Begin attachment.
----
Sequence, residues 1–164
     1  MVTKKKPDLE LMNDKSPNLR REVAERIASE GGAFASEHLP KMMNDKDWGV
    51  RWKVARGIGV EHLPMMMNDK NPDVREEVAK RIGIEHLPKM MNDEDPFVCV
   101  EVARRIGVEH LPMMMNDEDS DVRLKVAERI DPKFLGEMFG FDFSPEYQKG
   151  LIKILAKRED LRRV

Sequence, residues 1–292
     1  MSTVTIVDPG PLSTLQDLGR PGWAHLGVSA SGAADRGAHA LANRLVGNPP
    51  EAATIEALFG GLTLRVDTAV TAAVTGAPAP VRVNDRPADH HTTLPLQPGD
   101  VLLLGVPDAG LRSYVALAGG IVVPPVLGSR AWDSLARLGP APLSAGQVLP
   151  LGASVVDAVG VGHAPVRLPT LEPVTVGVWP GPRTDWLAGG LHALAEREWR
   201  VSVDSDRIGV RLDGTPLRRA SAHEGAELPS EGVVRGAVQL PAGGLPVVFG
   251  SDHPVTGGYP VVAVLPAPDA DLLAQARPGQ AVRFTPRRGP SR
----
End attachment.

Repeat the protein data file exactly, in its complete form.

Sequence, residues 1–164
     1  MVTKKKPDLE LMNDKSPNLR REVAERIASE GGAFASEHLP KMMNDKDWGV
    51  RWKVARGIGV EHLPMMMNDK NPDVREEVAK RIGIEHLPKM MNDEDPFVCV
   101  EVARRIGVEH LPMMMNDEDS DVRLKVAERI DPKFLGEMFG FDFSPEYQKG
   151  LIKILAKRED LRRV

Sequence, residues 1–292
     1  MSTVTIVDPG PLSTLQDLGR PGWAHLGVSA SGAADRGAHA LANRLVGNPP
    51  EAATIEALFG GLTLRVDTAV TAAVTGAPAP VRVNDRPADH HTTLPLQPGD
   101  VLLLGVPDAG LRSYVALAGG IVVPPVLGSR AWDSLARLGP APLSAGQVLP
   151  LGASVVDAVG VGHAPVRLPT LEPVTVGVWP GPRTDWLAGG LHALAEREWR
   201  VSVDSDRIGV RLDGTPLRRA SAHEGAELPS EGVVRGAVQL PAGGLPVVFG
   251  SDHPVTGGYP VVAVLPAPDA DLLAQARPGQ AVRFTPRRGP SR